of unpredictable social transformations, arbitrary exercises of political power (colonial or
otherwise) and his familys centurial tendency of creating small, closed societies within larger,
more diverse societies. Salim wishes to be trapped by nothing and no one, so he merges with his
immediate societal landscape to escape the destruction visited upon his fellow expatriates by
African rebels, and to carve a niche for himself by securing positions of wealth and power
outside of his familys influence.
Bhabha indicates one way Salim could accomplish this by establishing a connection
between mimicry and camouflage made by Jacques Lacan in The Line and the Light:
Mimicry reveals something in so far as it is distinct from what might be called an
itself that is behind. The effect of mimicry is camouflage... it is not a question of
harmonizing with the background, but against a mottled background, of becoming
mottled---exactly like the technique of camouflage practiced in human warfare (Lacan
99; quot. in Bhabha 85).
In postcolonial contexts, the practice of mimicry does not entail becoming one with a
background or disappearing into a mishmash of peoples, cultures, histories, stories, etc. Here,
mimicry becomes a series of personal and generalized conceits which allow postcolonial subjects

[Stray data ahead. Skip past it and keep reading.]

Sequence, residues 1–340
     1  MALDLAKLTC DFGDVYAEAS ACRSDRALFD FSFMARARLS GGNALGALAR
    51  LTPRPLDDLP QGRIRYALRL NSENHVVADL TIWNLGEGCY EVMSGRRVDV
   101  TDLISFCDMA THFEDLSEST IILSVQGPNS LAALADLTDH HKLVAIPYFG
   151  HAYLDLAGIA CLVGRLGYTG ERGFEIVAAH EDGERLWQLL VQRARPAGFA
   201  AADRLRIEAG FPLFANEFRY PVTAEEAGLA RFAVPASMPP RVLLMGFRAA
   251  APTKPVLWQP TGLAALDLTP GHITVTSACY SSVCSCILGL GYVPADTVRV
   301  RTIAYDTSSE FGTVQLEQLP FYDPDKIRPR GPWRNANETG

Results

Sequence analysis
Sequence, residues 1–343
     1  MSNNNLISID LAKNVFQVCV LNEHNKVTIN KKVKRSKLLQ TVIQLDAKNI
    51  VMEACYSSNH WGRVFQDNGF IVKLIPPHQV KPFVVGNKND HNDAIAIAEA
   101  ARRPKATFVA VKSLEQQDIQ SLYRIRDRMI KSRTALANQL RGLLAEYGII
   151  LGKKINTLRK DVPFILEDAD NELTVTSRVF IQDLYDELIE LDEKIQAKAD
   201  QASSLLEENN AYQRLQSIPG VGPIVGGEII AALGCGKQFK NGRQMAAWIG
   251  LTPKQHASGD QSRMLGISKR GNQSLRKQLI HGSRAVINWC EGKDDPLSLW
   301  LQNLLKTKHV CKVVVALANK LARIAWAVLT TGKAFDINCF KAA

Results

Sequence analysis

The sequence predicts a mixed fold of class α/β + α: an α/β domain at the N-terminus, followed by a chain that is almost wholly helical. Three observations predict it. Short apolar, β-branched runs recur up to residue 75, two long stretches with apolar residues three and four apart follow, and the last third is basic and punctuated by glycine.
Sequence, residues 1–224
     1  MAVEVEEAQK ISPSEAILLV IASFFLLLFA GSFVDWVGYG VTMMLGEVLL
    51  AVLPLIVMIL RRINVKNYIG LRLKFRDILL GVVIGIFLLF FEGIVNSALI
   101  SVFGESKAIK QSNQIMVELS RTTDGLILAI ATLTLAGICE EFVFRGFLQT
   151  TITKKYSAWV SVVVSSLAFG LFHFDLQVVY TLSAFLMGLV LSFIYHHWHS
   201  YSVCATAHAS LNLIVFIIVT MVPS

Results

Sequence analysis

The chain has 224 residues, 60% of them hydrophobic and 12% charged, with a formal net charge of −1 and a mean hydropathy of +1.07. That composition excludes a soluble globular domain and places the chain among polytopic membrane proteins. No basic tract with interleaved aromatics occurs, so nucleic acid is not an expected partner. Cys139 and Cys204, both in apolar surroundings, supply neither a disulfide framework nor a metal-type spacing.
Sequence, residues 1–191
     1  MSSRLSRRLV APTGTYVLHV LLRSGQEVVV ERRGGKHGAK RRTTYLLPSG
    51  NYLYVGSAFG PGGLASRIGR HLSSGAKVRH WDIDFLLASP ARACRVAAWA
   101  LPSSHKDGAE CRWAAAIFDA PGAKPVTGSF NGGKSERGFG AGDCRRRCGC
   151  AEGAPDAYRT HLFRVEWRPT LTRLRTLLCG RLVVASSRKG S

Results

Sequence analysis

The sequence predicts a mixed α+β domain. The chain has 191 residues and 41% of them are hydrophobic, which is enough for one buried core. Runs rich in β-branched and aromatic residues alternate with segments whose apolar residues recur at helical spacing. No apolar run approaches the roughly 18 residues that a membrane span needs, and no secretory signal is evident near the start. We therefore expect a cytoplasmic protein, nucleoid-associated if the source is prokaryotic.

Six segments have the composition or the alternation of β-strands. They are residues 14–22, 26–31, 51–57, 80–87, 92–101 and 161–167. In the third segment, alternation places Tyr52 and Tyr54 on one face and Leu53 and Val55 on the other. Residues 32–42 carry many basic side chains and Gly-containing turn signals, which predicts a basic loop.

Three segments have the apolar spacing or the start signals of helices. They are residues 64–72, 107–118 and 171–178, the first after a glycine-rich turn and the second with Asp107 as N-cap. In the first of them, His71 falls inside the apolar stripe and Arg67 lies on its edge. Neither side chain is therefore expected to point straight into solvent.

to permeate or seep through societies and social contexts which have more or less broken away
from an older order of things. Doing this, however, leaves the subject open to be permeated and
seeped through himself by the very society within which he struggles to survive and get ahead;
politics, institutions, structures and other people infiltrate the subject and compromise his ability
to root himself in a particular culture, societal or familial background. This happens in

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accordance to the degree in which the subject is influenced (willingly or otherwise) by society
and other people within it and the former has severed all ties with past and self.
According to Bhabha, this mimicry and camouflage result in colonial ambivalence;
Kumar adds that the colonizer becomes a snake in the grass who speaks in a forked tongue and
produces mimetic representations that are little more than unsettling imitations stemming from
a desire on the part of postcolonial subjects to severe the ties with self in order to move
towards other (Kumar 119). These imitations are unsettling because they are neither one thing